Arkansas Energy Report: Severance tax revenue falls, coal production drops to 1984 levels

by Talk Business & Politics staff ([email protected]) 177 views 

Editor’s note: The Arkansas Energy Report is produced monthly and is sponsored by the Arkansas State Chamber of Commerce/Associated Industries of Arkansas, and MISO (Midcontinent Independent System Operator). Talk Business & Politics makes every effort to use information current at time of posting.
The latest Arkansas Energy Report shows that Arkansas’ severance tax revenue continues to decline thanks to the ongoing recession in the national energy industry.

With only one month left in Arkansas’ fiscal reporting year, severance tax revenues from the sales of marketed natural gas in May fell to their lowest level since the legislature upped the severance levy to capture growing revenue from the Fayetteville Shale play.

And according to monthly data collected by the Arkansas Department of Finance & Administration, tax revenues from natural gas sales are poised to fall more than 50% from last year’s peak tax bounty of $78.6 million. Year-to-date severance tax collections through May 2016 stood at $30.5 million, 56% below year ago levels when the cumulative severance tax collections stood at $69.5 million.

In fiscal 2015, Arkansas recorded its highest yearly severance tax collections at $78.6 million, slightly better than $77.3 million in the previous year. Arkansas several tax collections have not fallen below $50 million since 2010, a year after the Arkansas Legislature raised the levy on natural gas production across the state just as production in the Fayetteville Shale reached a peak.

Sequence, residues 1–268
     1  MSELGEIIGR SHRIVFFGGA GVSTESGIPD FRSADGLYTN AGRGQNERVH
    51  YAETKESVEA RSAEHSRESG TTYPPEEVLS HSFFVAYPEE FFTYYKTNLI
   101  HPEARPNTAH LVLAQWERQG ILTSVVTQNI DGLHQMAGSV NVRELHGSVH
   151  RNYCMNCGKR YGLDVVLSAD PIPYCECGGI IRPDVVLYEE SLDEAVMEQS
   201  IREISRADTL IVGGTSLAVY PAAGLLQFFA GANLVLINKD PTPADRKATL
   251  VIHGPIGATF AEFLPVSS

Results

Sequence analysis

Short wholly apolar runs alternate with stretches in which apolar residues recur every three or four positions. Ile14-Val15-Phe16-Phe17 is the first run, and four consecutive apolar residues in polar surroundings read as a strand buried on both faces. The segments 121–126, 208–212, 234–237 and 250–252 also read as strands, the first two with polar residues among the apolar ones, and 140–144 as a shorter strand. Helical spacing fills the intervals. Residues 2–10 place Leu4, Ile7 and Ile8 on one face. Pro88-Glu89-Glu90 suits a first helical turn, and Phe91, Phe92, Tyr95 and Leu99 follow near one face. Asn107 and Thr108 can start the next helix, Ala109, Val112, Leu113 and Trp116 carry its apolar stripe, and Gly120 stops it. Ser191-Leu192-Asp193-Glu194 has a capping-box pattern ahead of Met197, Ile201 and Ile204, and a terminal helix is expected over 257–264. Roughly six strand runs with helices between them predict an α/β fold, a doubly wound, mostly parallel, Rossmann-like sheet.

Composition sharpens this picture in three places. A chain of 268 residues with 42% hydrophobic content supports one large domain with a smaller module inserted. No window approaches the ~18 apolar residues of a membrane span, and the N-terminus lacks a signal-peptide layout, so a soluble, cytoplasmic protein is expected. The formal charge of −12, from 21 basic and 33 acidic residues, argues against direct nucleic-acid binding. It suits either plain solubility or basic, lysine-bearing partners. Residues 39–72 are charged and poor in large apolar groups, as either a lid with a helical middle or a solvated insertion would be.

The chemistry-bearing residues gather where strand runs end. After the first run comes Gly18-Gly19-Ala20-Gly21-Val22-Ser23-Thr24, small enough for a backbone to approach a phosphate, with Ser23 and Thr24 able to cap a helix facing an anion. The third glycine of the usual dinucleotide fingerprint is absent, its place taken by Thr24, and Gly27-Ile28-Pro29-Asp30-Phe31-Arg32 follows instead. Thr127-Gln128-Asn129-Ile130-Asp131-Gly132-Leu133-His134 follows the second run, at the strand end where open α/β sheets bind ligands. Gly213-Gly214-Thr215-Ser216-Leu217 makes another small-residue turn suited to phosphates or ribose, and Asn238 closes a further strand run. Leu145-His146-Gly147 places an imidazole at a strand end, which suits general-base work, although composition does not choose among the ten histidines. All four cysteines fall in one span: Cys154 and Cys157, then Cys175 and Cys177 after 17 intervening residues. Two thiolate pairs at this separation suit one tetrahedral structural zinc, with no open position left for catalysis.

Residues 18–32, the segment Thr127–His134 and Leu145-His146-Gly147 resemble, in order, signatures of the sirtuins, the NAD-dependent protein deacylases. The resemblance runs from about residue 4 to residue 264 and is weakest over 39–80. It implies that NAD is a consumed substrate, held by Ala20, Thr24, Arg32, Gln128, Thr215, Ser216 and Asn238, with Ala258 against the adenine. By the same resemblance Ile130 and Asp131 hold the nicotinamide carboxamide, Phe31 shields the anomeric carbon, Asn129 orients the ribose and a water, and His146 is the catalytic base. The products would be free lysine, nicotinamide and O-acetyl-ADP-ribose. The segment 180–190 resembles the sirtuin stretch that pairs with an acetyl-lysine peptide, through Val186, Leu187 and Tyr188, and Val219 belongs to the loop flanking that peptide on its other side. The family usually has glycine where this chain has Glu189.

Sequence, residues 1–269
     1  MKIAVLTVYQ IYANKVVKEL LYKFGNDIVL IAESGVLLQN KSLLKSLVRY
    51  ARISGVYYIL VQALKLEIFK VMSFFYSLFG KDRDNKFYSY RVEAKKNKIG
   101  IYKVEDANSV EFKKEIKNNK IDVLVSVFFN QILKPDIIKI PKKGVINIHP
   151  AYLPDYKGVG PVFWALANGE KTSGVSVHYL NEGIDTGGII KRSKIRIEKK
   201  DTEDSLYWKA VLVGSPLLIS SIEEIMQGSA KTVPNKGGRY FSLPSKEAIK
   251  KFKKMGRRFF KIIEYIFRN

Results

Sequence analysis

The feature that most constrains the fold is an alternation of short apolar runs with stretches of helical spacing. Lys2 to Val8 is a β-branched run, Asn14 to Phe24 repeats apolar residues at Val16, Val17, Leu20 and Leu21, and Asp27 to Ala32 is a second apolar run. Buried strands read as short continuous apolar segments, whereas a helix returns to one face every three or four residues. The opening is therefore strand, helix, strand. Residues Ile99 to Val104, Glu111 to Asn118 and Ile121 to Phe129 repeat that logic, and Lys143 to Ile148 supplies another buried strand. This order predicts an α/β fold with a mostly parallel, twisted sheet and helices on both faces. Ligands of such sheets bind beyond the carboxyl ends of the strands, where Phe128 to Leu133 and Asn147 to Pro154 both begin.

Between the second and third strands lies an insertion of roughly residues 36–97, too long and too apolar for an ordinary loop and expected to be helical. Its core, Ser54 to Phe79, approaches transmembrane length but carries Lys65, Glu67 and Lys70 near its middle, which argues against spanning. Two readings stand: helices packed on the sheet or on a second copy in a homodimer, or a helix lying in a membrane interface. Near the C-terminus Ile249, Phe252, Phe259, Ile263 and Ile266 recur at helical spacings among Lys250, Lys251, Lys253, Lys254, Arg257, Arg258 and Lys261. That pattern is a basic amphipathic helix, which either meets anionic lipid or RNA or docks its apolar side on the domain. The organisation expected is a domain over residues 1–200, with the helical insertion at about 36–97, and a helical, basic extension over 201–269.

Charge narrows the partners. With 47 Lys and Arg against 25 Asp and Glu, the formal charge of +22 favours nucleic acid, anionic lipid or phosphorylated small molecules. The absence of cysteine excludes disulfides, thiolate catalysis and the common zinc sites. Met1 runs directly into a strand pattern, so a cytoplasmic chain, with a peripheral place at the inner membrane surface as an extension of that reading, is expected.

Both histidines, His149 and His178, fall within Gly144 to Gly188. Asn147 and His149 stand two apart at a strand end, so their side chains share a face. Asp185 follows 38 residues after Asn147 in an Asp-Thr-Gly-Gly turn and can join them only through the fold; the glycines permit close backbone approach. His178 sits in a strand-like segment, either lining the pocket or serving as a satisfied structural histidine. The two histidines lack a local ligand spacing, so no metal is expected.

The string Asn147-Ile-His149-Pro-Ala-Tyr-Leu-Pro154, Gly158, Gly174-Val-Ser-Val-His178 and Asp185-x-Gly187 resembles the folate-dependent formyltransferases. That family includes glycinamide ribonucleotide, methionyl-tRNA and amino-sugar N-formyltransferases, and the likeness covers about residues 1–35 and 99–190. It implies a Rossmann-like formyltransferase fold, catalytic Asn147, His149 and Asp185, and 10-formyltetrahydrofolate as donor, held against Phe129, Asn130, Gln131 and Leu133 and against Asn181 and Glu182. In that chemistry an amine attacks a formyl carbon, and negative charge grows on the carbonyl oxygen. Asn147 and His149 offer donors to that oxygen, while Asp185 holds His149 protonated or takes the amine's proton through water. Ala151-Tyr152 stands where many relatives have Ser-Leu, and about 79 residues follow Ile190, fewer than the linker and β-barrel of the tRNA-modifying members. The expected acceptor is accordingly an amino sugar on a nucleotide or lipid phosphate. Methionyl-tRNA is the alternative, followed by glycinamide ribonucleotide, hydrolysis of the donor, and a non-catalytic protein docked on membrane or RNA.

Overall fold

Before this month, the lowest severance collections in fiscal 2016 were $2.08 million in January, $1.96 million in February and $2.16 million in March, according to data compiled by the state Department of Finance and Administration (DFA). February tax collections were also the lowest monthly level.

Coal production in the first three months of 2016 was 173 million short tons (MMst), the lowest quarterly level in the United States since a major coal strike in the second quarter of 1981, according to a June 10 report from the U.S. Energy Information Administration.

arkenergyreportboxA 17% decrease in coal production from the previous quarter marked the largest quarter-over-quarter decline since the fourth quarter of 1984.

Electricity generation accounts for more than 90% of domestic coal use. In addition to complying with environmental regulations and adapting to slower growth in electricity demand, coal-fired generators also are competing with natural gas-fired electricity generation during a time of historically low natural gas prices.

For the period ending March 2016 (the most recent EIA data available), natural gas produced 103,477 thousand megawatt hours of electricity, up 4.4% compared to March 2015. Coal was second at 72,313 thousand megawatt hours, down 33.4% compared to March 2015.

Overall, electric production was 303,837 thousand megawatt hours, down 6.4% compared to March 2015.

• Gas prices in Arkansas have continued to move higher following the annual Memorial Day ramp up by retailers to kick off the beginning of the nation’s summer driving season.

• For the year, Arkansas’ drilling rig count remained at zero through the first five months of 2016 as all drilling activity in the Fayetteville Shale and other smaller plays across the state have come to a halt.

• While crude oil is primarily transported through pipelines, the amount of crude oil shipped by rail had increased from 2010 to 2014 as domestic crude oil production exceeded pipeline takeaway capacity for crude oil. After reaching more than one million barrels per day in 2014, crude-by-rail volumes declined slightly in 2015.

Link to this PDF for the complete Arkansas Energy Report.